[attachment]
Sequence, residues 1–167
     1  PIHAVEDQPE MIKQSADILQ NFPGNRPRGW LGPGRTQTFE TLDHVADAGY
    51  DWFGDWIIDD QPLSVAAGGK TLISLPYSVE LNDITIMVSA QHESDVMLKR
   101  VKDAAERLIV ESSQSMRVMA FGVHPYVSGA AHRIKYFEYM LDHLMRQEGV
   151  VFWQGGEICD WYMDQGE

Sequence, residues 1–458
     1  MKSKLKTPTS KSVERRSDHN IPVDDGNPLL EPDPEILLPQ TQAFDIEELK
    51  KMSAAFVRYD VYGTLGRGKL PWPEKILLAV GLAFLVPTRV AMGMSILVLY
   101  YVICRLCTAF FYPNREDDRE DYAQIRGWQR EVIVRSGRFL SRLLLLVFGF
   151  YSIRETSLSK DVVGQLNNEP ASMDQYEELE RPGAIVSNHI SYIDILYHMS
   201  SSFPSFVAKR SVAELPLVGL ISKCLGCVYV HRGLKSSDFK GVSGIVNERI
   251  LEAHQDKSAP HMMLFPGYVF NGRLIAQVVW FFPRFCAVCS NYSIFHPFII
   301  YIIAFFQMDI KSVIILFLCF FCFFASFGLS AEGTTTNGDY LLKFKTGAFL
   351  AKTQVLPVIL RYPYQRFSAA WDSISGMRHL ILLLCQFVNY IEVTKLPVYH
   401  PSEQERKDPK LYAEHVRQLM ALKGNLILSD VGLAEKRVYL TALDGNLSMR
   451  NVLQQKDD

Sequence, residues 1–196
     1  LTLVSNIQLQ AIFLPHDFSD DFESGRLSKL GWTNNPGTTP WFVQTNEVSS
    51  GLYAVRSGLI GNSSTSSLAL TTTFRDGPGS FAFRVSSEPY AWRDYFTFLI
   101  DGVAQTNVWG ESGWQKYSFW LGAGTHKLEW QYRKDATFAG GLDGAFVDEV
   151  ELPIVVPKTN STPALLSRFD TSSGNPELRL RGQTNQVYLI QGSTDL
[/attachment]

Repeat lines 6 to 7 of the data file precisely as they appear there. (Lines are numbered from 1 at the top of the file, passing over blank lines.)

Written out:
Sequence, residues 1–458
     1  MKSKLKTPTS KSVERRSDHN IPVDDGNPLL EPDPEILLPQ TQAFDIEELK